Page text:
FYI – Important!• It is a serious academic offense for students to post threatening or profane tweets. • Separate personal tweets from course-related tweets by using LISTS and appropriate HASHTAGS#

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YOUR TASK: • Find a scholar in: – a) the field of Classics (or Archaeology or Art

History or History) AND– b) your major field of interest.

• Follow this scholar throughout the term to see what kinds of things s/he tweets

• End of term we will evaluate the “value” of these tweets…

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YOUR TASK: • Follow the instructor to receive important

information on: course announcements, assignment deadlines, lecture updates, tweets of interest from the wider Classics community.

• Tweet according to course related requirements: reflective thinking, further thoughts, quizzes, exam, etc.

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The photo below was taken at St. Joseph’s Hospital in Toronto. Examine the photo. Choose one word, subdivide so as to show prefixes,

BASES, suffixes and combining vowels. Give the etymological definition of the word. If the actual meaning differs, give that as well.


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YOUR TASK: • Follow the course Twitter list to connect with

students outside of class: obtain notes, arrange study groups, review course material, etc.

• Follow one another: networking opportunities, shared communication, etc.

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• It gives me a voice when I can’t/don’t want to participate in class.

• I can connect with other students in the class.• I don’t use Twitter because it’s intimidating. But I like that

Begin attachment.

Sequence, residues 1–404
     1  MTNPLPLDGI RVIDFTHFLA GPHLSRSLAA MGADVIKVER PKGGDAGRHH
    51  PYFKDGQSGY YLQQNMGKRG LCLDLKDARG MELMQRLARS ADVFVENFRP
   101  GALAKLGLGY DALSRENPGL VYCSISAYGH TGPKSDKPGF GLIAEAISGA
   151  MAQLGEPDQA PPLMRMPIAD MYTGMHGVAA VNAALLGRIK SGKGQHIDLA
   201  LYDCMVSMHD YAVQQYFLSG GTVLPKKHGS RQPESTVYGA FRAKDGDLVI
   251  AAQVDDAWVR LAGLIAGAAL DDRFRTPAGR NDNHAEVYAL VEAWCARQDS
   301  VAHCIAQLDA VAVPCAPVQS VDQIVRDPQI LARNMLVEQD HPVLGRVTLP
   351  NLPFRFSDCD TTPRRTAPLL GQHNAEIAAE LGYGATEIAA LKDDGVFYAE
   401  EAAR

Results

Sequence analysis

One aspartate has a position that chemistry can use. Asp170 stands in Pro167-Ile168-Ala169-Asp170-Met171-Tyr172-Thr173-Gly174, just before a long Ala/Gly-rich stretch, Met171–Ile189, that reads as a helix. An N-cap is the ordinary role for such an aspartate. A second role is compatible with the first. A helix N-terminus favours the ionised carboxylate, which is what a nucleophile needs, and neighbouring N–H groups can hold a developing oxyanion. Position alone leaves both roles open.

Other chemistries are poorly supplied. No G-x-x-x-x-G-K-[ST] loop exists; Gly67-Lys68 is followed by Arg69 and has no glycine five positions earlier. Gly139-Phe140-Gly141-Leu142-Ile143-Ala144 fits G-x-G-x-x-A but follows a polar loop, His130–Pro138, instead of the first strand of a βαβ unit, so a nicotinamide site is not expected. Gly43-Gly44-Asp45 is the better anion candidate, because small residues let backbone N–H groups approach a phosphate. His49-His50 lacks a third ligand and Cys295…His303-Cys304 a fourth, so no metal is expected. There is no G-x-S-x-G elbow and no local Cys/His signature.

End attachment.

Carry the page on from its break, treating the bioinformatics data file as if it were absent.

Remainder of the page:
the Twitter feed is on Blackboard so I can see what kinds of things others tweet. I would maybe use it if it was required in other courses.

• I don’t like Twitter. Not enough space to write what I need. I use Blackboard instead.

• Twitter is good. Gets to the point. Don’t have to write so much (unnecessarily) as on BB.

• Never used it in classes but I think it works.

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• Create a permanent Twitter archive: monitor who is tweeting what, when and how often.

• Most apps are free and can export archive into Excel or Office spreadsheets.

• Try: HootSuite Archives; Tweet Archivist; TweetDoc; Twitter Archive Google Spreadsheet

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Beyond the Classroom: Why Should You Use TWITTER?

make and maintain connections with others in your field,

find out about interesting projects and research,

crowdsource questions and technical problems.

It’s the LinkedIn, Academia.edu of social media!

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Helpful Resources…• Lehmann, K. and Chamberlin, L. 2011. “Twitter in Higher Education,”

pp. 375-391 in C. Wankel, ed. Educating Educators with Social Media. Emerald Group Publishing.

• Tyma, A. 2011. “Connecting with what is out there! Using Twitter in the large lecture,” Communication Teacher 25.3: 175-181.

• Young, J. 2010. “Teaching with Twitter: not for the faint of heart,” in Education Digest: Essential Readings Condensed for Quick Review.

• Wright, N. 2010. “Twittering in teacher education: reflecting on practicum experiences,” The Journal of Open, Distance and e-Learning 25.3: 259-265.

• There are also a slew of online resources under the blog “ProfHacker” from The Chronicle of Higher Education.